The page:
If I were to describe Troy Tulowitzki in only two words, I would probably choose
disabled list talented and fragile. When Tulowitzki is healthy, he is easily the most dynamic hitting shortstop and one of the most exciting hitters to watch. He goes on tears like no other, and for his entire career (pre-2015) was trying to drag the dead weight of one of the most poorly run franchises into the playoffs.
So when Tulo got traded for Jose Reyes and some spare parts (the logic behind this trade, or really lack thereof, deserves its own separate piece) to the power hitting Blue Jays, it was a perfect match. Joining in with the tremendous trio of Josh Donaldson, Jose Bautista and Edwin Encarnacion, Tulowitzki was pegged to make them the, err, quaint quartet??? Regardless, the addition of another power hitter made the Jays the front-runner for the entire AL because no one could feasibly pitch through all of that power and contact ability (don’t tell the Royals).
But Tulo didn’t quite bring that spark the Toronto faithful were hoping for. Instead of dominating the opposition and feasting on all of the RBI opportunities the rest of this lineup was setting up for him, his first to second half wRC+ fell from 108 to just 88. In more familiar terms, both his batting average and slugging percentage dropped about 100 points each.
So what happened? Looking at his discipline numbers, there really isn’t a whole lot to know. His strikeout rate rose by 2% (a negligible increase considering the sample size),and his walk rate went up 2.7% (again not very much). But when we look at the bigger picture, just comparing his splits isn’t enough. We need to compare career marks, and looking at career trends, his entire production was way out of wack. His pre-trade numbers were already going to be the lowest marks yet not from his rookie season, and the strikeouts were especially bad. His career 16.4% is much better than league average, and miles better than the 22% he ended the year with. Already we have some suspicions over his real value.
Looking at his batted ball profile, again we see some concerning numbers. His ground ball rate jumps from last year’s 37% to 41%, and in turn his fly balls drop to below career marks, just 37%. While these may not be terrible profiles for some hitters, someone like Tulo who relies largely on his power to produce (.212 career isolated slugging percentage) needs to be putting balls in the air. No stadium caries balls like Coors does, but if anyone is close it’s his new home stadium in Toronto.
Going back to his swing effectiveness, it seems he’s really having a tough time connecting the way he likes, and in fact, just connecting in general. He whiffed on 9.4% of swings last year, his highest full season number ever, and well above the 4.6, 4.4 and 5.9 numbers he puts up at his best. We can attribute some of this to a more swing happy approach; seeing Tulowitzki at a 46.0% swing rate (on all pitches) is the most he has put up since being a rookie. Sometimes swinging a lot can help hitters out (this has been the case for guys like Kolten Wong), but for Tulo this has been alarmingly bad. His contact on all swings has dropped to 79.2%, a number he hasn’t even sniffed since his first 25 game stint at the show. Obviously if you can’t make contact it’s going to be hard to produce, and when he’s making contact is isn’t happening as often or as strongly as he would like.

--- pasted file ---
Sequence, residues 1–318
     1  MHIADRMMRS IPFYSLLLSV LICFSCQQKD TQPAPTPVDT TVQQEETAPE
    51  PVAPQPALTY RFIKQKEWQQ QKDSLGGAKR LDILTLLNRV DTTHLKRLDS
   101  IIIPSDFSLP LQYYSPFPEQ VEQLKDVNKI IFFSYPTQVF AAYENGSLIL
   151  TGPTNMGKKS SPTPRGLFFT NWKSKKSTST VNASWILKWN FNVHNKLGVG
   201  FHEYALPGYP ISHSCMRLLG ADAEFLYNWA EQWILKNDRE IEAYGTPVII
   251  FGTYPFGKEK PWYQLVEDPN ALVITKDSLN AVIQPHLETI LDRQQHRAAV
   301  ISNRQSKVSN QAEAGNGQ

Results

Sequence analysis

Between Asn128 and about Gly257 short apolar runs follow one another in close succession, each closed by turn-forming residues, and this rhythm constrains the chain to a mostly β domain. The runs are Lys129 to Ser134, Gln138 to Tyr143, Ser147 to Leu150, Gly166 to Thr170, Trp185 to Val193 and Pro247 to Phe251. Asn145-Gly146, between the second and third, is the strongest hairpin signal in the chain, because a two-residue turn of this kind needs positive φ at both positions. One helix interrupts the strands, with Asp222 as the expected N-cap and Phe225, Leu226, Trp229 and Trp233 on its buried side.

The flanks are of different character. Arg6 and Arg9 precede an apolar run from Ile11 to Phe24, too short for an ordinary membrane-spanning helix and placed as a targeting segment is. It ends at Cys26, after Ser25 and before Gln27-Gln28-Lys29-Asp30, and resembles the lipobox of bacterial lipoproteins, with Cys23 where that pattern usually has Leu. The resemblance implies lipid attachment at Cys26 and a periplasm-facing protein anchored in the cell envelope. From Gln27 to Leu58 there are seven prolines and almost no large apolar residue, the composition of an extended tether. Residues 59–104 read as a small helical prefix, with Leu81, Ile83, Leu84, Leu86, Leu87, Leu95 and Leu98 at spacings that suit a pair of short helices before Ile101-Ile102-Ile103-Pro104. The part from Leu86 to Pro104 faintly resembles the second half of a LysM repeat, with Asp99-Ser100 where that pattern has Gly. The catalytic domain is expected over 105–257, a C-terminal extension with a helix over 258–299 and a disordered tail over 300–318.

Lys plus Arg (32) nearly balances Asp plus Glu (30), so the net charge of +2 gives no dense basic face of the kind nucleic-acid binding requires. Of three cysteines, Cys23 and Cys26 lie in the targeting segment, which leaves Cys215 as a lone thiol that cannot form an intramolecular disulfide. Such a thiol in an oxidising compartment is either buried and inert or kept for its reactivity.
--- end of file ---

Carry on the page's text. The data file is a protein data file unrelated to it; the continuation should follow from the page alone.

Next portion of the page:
Now the question centers around how his new organization is going to work for him. Let’s not sugarcoat things; Tulowitzki is 31 years old and his best days are clearly behind him. The Blue Jays have had success turning great talent into great production at weird ages (Bautista and Encarnacion both really broke out at 29), but a large part of their philosophy is to swing a lot. Baustista’s swing percentage was always high, around the mid 50s before his Blue Jays tenure, but when he broke out it was upwards of 60%. While Encarnacion’s numbers have not been as extreme as Joey Bats’, he’s still been showing more tendency towards swinging often over the past couple years as his bat speed has started to decline.
There is so much talent in Troy Tulowitzki it’s really hard to be swayed by anything (but his injury history). But although most will write off his poor campaign in 2015 as a fluke, as we’ve seen here it’s easy to build a case for why there is legit reason to worry about it. Tulo is at his best when he’s a more patient hitter, but the organizational trends up North don’t line up with this. Unless the Jays are willing to break their philosophy for him, this struggling version of Tulo might be here longer than expected.
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